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OAFC launches standardized firefighter testing

April 3, 2014, Toronto – The Ontario Association of Fire Chiefs (OAFC) is standardizing and streamlining the candidate testing process for career firefighters to make it more accessible and affordable for prospective recruits and less onerous for municipal fire departments.

April 3, 2014
By Laura King

April 3, 2014, Toronto – The Ontario Association of Fire Chiefs (OAFC) is standardizing and streamlining the candidate testing process for career firefighters to make it more accessible and affordable for prospective recruits and less onerous for municipal fire departments.

The new province-wide process will also help to ensure that candidates from diverse backgrounds can succeed by helping them set timelines to achieve educational and physical goals necessary to qualify as potential recruits.

The OAFC says the process will be more open, transparent, fair and efficient.

The OAFC launched its Candidate Testing Service (CTS) Thursday at the Fire and Emergency Services Training Institute (FESTI) in Toronto; FESTI is a partner in the new service and will administer the aptitude, medical, physical and firefighter skills testing parts of the program.

Essentially, said OAFC president Matt Pegg, aspiring firefighters will spend less money, time and effort applying to different municipalities, and fire departments will be able to focus on selecting and training firefighters rather than administering and updating their own testing programs.

“At present, each and every fire department must run or manage their own recruit testing process,” Pegg said. “The independent processes are complex and often expensive and each process is unique. The test results from one department are seldom, if ever, transferable to another department, requiring candidates to pay for testing numerous times in the quest to be hired as a firefighter.”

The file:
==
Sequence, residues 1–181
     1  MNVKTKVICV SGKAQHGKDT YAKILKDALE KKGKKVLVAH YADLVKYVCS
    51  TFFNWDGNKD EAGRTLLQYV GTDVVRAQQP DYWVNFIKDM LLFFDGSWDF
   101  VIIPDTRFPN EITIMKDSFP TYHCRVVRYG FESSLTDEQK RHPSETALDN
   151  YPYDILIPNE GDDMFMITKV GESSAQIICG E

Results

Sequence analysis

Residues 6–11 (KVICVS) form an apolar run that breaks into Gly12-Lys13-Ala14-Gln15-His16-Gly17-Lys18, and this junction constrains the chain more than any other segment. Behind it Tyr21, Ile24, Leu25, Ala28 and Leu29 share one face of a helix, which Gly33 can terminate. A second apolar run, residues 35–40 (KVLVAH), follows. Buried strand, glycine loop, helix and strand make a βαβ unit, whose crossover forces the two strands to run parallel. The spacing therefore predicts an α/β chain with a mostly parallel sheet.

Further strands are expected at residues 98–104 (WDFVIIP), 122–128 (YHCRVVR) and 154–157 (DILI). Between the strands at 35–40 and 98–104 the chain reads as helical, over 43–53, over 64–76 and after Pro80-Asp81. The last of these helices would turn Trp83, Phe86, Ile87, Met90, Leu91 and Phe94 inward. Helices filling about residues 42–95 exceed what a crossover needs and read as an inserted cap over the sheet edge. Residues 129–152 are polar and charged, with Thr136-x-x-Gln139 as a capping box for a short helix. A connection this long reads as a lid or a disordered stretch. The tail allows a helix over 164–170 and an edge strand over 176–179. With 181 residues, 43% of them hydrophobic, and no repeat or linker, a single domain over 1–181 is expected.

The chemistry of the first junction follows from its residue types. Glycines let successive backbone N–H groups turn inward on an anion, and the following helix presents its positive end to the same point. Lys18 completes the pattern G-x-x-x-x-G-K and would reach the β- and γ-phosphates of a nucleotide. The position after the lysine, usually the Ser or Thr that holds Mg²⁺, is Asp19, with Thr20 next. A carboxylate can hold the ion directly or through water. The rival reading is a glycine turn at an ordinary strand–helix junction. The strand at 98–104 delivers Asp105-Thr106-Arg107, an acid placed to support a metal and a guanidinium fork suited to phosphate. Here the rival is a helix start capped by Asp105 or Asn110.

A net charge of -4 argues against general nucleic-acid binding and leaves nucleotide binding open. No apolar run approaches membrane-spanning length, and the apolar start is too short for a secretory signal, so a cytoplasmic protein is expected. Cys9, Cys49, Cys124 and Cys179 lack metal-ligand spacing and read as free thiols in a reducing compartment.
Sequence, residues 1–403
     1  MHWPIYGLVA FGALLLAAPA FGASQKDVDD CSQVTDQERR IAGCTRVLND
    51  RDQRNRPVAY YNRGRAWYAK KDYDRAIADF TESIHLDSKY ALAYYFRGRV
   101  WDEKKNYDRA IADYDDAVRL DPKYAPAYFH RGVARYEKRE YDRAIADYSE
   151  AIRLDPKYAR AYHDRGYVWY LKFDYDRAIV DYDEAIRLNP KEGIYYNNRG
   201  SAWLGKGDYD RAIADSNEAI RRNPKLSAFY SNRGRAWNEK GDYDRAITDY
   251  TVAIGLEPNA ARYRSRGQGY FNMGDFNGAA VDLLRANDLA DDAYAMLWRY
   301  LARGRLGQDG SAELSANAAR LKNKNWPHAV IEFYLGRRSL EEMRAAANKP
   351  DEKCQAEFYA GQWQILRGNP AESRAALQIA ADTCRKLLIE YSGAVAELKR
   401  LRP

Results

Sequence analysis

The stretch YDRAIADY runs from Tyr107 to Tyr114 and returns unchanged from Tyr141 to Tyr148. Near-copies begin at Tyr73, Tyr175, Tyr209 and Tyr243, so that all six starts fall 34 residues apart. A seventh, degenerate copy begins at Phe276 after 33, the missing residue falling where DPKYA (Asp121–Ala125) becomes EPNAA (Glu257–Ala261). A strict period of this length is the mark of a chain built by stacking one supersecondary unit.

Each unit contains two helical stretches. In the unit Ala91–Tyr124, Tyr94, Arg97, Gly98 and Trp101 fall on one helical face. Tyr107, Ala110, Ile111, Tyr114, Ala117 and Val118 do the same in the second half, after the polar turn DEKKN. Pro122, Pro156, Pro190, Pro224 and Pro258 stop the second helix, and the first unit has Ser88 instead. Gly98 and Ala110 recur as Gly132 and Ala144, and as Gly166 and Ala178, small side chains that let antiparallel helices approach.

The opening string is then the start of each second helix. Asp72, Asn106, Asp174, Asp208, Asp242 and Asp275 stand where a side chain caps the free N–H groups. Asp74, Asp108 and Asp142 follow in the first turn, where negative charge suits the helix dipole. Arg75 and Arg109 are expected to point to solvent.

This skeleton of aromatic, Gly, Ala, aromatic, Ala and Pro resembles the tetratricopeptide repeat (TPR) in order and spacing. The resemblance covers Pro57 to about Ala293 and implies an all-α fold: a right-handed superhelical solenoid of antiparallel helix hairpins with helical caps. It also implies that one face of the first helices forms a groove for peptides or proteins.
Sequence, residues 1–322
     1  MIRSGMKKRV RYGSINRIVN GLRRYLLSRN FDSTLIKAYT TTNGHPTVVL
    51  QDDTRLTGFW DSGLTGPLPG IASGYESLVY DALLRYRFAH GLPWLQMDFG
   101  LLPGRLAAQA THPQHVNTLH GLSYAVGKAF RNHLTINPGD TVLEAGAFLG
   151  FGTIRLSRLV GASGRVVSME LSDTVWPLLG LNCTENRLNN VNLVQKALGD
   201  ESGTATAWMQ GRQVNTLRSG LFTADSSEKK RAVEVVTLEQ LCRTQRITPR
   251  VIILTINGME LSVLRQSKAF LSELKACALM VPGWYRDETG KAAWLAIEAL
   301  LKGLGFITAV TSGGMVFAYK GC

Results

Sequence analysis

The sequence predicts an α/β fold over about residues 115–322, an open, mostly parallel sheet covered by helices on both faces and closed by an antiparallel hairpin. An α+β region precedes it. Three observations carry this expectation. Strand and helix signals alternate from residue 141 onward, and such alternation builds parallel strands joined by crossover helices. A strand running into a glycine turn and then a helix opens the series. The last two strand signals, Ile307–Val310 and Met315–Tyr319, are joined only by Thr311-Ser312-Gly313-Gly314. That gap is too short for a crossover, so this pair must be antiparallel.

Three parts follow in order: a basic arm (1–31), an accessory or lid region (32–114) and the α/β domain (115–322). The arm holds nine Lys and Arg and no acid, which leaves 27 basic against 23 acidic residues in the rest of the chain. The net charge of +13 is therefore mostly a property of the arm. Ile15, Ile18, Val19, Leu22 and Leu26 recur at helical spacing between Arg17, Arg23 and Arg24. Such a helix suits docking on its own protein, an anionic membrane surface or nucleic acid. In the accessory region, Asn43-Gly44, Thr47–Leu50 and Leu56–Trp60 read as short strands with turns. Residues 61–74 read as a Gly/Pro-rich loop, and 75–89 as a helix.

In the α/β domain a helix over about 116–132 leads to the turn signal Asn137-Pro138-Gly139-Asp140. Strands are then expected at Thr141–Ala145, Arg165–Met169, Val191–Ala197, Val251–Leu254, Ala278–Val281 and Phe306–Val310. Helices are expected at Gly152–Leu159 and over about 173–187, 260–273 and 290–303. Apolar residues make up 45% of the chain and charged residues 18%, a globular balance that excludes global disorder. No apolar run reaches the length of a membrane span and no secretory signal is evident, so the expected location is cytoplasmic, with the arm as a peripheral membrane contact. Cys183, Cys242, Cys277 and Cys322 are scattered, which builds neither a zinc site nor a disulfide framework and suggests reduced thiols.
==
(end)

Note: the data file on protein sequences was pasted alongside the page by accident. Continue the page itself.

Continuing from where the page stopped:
Pegg said there is no consistent way to confirm and validate candidate aptitude, training and fitness other than each hiring municipality undertaking its own process.

“The OAFC’s new Ontario Fire Administration Inc. will allow firefighter candidates to focus on understanding and acquiring the skills and knowledge they need instead of trying to navigate a number of complicated testing processes,” he said.

Fire chiefs from across Ontario attended the news conference to support the initiative. Fire Chief Tim Becket of Kitchener, which has committed to use the new candidate testing service, said the program will “provide us with an opportunity to step back from a rigid system and free up corporate resources while giving us a much broader pool of qualified candidates.”

The OAFC will maintain the database of successful candidates.

Candidates who pass the aptitude, interpersonal skills and physical tests can then apply to fire departments, which will have a larger and more diverse pool of qualified applicants from which to choose to interview.

In addition, the OAFC’s website (www.oafc.ca) will feature a how-to guide for prospective firefighters that outlines the necessary steps and requirements – details such as the fact that firefighters can not be colour blind, something prospective candidates often learn after they have already spent time and money.

The firefighter candidate testing process is modeled after a similar and successful police-service program, the OAFC said.